In addition to the film industry, the double standard for women of color exist in the music industry. After drugging the accountant’s wife, Rihanna takes the wife to a pool where a cop comes to investigate the situation. As pictured, Rihanna waves at the cop with a smile. Most often, African Americans’ interaction with police in music videos are aggressive or dehumanizing. For instance, black rapper Kendrick Lamar wrote and produced the music video “Alright” which deals with police brutality. However, Rihanna’s interaction with the police officer in this music video is pleasant and charismatic. The lack of hostility is reminiscent of a white person’s typical interaction with law enforcement. Rihanna’s stylistic choice to display the intersectional identity of a black women interacting calmly with a police man threatens the societal construct of whiteness by rewriting the black women’s narrative with law enforcement. Rihanna experiencing the white privilege is critiqued by the Daily Mail writer Sarah Vines. She describes Rihanna’s music video as “dehumanizing trash” that “should not be allowed to roam freely across our culture, they become real” (Vines, 2015). This comment reveals the racist double standard in the media by evoking fear of women of color’s dominance. Rihanna’s ability to call the shots in this revenge narrative through torturing the wife of the accountant and eventually killing him signals her agency for justice, contrasting the typical women of color’s experience. Country singer Miranda Lambert’s feminist anthem “Gunpowder and Lead” featured on her album Crazy Ex Girlfriend portrays a white women preparing her shotgun and digging a hole for her victims body. After winning album of the year, the violence and revenge narrative Lambert portrays in this music fails to receive similar backlash compared to Rihanna. This divide in backlash illuminates the double standard faced by women of color, highlighting the restriction of creative expression and pressure for African Americans to uphold whiteness.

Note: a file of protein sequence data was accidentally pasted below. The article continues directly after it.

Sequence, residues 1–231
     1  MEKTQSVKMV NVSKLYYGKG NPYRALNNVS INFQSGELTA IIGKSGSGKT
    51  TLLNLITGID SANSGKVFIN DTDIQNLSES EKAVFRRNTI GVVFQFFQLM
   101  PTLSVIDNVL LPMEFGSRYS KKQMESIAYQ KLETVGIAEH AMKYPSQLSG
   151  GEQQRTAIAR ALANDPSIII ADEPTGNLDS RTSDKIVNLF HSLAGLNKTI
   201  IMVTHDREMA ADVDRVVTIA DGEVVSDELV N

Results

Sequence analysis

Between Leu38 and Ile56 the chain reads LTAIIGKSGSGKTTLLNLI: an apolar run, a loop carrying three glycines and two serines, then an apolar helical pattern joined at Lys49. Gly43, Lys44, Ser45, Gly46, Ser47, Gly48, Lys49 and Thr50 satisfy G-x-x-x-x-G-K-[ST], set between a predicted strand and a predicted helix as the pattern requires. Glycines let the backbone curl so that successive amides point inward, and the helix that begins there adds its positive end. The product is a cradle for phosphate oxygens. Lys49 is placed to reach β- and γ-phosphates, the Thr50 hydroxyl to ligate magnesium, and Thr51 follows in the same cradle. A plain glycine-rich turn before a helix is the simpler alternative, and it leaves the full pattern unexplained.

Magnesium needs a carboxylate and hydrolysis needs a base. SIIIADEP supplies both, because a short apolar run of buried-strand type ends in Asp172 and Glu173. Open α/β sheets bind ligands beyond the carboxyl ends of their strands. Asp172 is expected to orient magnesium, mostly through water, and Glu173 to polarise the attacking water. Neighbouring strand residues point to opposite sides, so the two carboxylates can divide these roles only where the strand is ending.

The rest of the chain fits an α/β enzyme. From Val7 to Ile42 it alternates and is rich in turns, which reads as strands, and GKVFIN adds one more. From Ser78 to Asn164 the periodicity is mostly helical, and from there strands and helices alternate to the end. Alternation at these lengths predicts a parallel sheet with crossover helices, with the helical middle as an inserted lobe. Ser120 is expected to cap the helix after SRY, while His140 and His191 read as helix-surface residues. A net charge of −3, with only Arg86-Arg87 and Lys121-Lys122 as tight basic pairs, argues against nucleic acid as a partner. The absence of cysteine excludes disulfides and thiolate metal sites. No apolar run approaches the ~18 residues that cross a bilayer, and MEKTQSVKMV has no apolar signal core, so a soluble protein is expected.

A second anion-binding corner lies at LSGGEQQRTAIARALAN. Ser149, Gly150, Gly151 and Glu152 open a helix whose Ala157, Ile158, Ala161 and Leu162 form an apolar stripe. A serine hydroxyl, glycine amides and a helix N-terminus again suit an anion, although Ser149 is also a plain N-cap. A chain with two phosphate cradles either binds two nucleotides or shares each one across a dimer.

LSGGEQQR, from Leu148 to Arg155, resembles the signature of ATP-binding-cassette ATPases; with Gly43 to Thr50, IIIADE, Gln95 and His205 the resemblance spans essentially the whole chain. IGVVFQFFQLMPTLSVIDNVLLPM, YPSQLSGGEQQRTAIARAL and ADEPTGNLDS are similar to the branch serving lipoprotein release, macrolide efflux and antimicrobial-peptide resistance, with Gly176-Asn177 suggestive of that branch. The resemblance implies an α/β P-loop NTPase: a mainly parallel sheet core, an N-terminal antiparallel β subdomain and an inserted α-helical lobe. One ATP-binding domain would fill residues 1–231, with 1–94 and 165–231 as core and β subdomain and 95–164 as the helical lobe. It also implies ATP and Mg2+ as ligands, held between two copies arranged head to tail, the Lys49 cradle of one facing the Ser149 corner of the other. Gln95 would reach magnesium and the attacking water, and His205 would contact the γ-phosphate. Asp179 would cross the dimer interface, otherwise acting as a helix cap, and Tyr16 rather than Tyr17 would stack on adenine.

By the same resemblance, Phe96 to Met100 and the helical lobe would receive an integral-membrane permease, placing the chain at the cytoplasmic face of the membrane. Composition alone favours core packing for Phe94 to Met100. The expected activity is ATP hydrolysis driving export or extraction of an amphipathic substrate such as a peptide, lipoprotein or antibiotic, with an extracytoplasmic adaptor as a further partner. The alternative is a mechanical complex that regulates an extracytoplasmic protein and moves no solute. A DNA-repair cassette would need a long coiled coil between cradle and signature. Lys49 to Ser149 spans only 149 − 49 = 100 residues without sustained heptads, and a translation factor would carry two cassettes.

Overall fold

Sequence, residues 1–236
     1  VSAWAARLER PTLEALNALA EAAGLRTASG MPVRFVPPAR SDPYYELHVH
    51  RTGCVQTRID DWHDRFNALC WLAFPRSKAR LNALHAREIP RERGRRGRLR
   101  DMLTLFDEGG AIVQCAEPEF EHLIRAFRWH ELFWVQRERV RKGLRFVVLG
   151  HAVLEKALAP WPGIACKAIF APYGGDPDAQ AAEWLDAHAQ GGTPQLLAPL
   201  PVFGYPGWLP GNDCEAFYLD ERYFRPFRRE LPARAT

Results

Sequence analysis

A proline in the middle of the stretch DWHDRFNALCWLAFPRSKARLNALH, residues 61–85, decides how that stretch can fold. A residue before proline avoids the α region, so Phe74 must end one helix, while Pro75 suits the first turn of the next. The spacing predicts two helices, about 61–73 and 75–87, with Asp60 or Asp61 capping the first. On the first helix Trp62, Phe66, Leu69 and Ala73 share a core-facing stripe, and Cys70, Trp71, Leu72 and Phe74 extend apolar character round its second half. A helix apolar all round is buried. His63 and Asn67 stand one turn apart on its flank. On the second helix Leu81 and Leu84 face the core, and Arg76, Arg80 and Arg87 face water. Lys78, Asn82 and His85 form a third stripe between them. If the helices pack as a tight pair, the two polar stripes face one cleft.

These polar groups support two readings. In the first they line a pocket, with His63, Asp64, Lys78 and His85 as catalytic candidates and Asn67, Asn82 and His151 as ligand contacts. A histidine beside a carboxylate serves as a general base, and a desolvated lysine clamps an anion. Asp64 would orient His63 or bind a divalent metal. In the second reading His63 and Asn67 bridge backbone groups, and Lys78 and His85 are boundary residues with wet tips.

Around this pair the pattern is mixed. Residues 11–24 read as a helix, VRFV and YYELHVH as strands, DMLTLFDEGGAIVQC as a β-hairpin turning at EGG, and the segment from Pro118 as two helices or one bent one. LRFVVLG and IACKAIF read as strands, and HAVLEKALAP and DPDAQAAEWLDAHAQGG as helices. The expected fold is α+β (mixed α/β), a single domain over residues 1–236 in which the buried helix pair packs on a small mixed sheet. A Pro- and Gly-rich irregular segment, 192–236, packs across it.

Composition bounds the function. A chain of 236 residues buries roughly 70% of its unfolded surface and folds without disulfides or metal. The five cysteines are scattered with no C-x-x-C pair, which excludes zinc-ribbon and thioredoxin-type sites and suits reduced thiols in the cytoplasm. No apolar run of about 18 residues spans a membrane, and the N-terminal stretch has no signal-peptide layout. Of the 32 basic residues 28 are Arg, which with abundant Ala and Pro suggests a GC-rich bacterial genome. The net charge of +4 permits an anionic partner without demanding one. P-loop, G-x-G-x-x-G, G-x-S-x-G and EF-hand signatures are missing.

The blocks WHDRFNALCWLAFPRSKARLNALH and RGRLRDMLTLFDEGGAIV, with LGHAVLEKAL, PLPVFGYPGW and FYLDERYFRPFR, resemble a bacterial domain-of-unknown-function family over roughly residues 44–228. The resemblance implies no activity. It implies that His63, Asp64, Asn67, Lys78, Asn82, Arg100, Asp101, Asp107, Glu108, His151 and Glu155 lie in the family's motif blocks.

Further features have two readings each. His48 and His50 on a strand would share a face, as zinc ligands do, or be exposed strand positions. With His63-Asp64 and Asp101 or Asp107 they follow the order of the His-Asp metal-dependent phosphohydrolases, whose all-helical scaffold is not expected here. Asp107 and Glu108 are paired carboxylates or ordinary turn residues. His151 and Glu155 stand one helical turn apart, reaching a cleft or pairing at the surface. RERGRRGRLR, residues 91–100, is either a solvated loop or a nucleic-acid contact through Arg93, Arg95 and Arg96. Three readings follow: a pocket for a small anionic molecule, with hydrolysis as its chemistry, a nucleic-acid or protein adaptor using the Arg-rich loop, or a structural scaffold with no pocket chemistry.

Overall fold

“Drowning” Wife

As the camera pans out from Rihanna waving at the cop, the wife’s body floats under a pool float. The Guardian’s Barbara Ellen attacks Rihanna for “torturing” the white woman who is last seen “bobbing lifeless beneath gangsta Rihanna’s lilo”. Ellen continues to call Rihanna a “celebrity in delusion: take away the skin colour and the “white spoilt bitch” has far more in common with real Rihanna than the gangsta Rihanna she’s portraying.” (Barbara, 2015). Ellen falsely assumes Rihanna’s fame, wealth and therefore “privilege” safeguards her from discrimination. She also strips Rihanna of her identity as a black woman to belittle her bold revenge narrative. Since Rihanna portrays herself as the dominant leader in this violent and aggressive story, she defies the typical anti-black narrative often expected of women of color which commonly consists of submitting to whiteness or utilizing sexuality in the interest of attracting men (Parrinello-Cason n.d.). Instead, she employs deceptive tactics such as hiding the “drowning” body under the pool float while exposing her butt. This picture works to reimagine the revenge narratives of women of color by taking control of the situation and “devoiding sexuality for male pleasure” (Reason, 2019). Also, the scale in this image of Rihanna’s large butt compared to the small body of the wife places a black woman of color in power. By physically taking up space, she demands more attention. Meanwhile, the small white body in the background displays the white and rich wife as powerless in this photo, disrupting the status quo of white power and privilege. In comparison, Miley Cyrus’ music video “Bandz Make Her Dance” depicts her in a white outfit surrounded by black women dancing. By placing these black women in the background, she conveys the inferiority of black people and the supremacy of white (Dodai, 2015). Her video fails to face the same amount of scrutiny that Rihanna faces; once again proving the unparalleled backlash and heightened standards women of color face in the media. 

“Fucked Up My Credit” Drake